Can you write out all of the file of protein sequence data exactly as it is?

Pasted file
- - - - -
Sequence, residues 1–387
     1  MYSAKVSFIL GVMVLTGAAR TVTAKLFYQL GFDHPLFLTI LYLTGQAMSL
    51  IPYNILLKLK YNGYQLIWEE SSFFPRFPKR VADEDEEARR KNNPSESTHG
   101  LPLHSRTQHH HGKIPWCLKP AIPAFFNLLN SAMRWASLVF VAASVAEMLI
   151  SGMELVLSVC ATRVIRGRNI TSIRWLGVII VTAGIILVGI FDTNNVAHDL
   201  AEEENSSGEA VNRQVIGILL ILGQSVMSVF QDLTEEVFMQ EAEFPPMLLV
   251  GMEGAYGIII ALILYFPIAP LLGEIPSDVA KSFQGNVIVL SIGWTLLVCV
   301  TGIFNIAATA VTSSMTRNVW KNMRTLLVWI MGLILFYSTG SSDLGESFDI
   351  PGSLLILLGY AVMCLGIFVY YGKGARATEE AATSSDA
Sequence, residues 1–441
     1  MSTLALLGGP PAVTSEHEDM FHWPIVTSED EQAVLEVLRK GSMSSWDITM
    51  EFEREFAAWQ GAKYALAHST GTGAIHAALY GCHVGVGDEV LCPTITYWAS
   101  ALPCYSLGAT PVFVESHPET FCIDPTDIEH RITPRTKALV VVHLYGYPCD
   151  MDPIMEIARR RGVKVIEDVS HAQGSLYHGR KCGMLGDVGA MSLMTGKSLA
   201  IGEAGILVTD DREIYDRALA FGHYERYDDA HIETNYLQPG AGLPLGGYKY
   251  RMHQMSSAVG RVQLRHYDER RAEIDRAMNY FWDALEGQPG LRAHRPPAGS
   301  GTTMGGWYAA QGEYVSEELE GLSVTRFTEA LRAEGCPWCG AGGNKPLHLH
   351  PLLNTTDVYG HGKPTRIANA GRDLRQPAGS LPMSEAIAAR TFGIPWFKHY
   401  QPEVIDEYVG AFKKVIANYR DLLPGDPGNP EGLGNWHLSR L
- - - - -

Sequence, residues 1–387
     1  MYSAKVSFIL GVMVLTGAAR TVTAKLFYQL GFDHPLFLTI LYLTGQAMSL
    51  IPYNILLKLK YNGYQLIWEE SSFFPRFPKR VADEDEEARR KNNPSESTHG
   101  LPLHSRTQHH HGKIPWCLKP AIPAFFNLLN SAMRWASLVF VAASVAEMLI
   151  SGMELVLSVC ATRVIRGRNI TSIRWLGVII VTAGIILVGI FDTNNVAHDL
   201  AEEENSSGEA VNRQVIGILL ILGQSVMSVF QDLTEEVFMQ EAEFPPMLLV
   251  GMEGAYGIII ALILYFPIAP LLGEIPSDVA KSFQGNVIVL SIGWTLLVCV
   301  TGIFNIAATA VTSSMTRNVW KNMRTLLVWI MGLILFYSTG SSDLGESFDI
   351  PGSLLILLGY AVMCLGIFVY YGKGARATEE AATSSDA
Sequence, residues 1–441
     1  MSTLALLGGP PAVTSEHEDM FHWPIVTSED EQAVLEVLRK GSMSSWDITM
    51  EFEREFAAWQ GAKYALAHST GTGAIHAALY GCHVGVGDEV LCPTITYWAS
   101  ALPCYSLGAT PVFVESHPET FCIDPTDIEH RITPRTKALV VVHLYGYPCD
   151  MDPIMEIARR RGVKVIEDVS HAQGSLYHGR KCGMLGDVGA MSLMTGKSLA
   201  IGEAGILVTD DREIYDRALA FGHYERYDDA HIETNYLQPG AGLPLGGYKY
   251  RMHQMSSAVG RVQLRHYDER RAEIDRAMNY FWDALEGQPG LRAHRPPAGS
   301  GTTMGGWYAA QGEYVSEELE GLSVTRFTEA LRAEGCPWCG AGGNKPLHLH
   351  PLLNTTDVYG HGKPTRIANA GRDLRQPAGS LPMSEAIAAR TFGIPWFKHY
   401  QPEVIDEYVG AFKKVIANYR DLLPGDPGNP EGLGNWHLSR L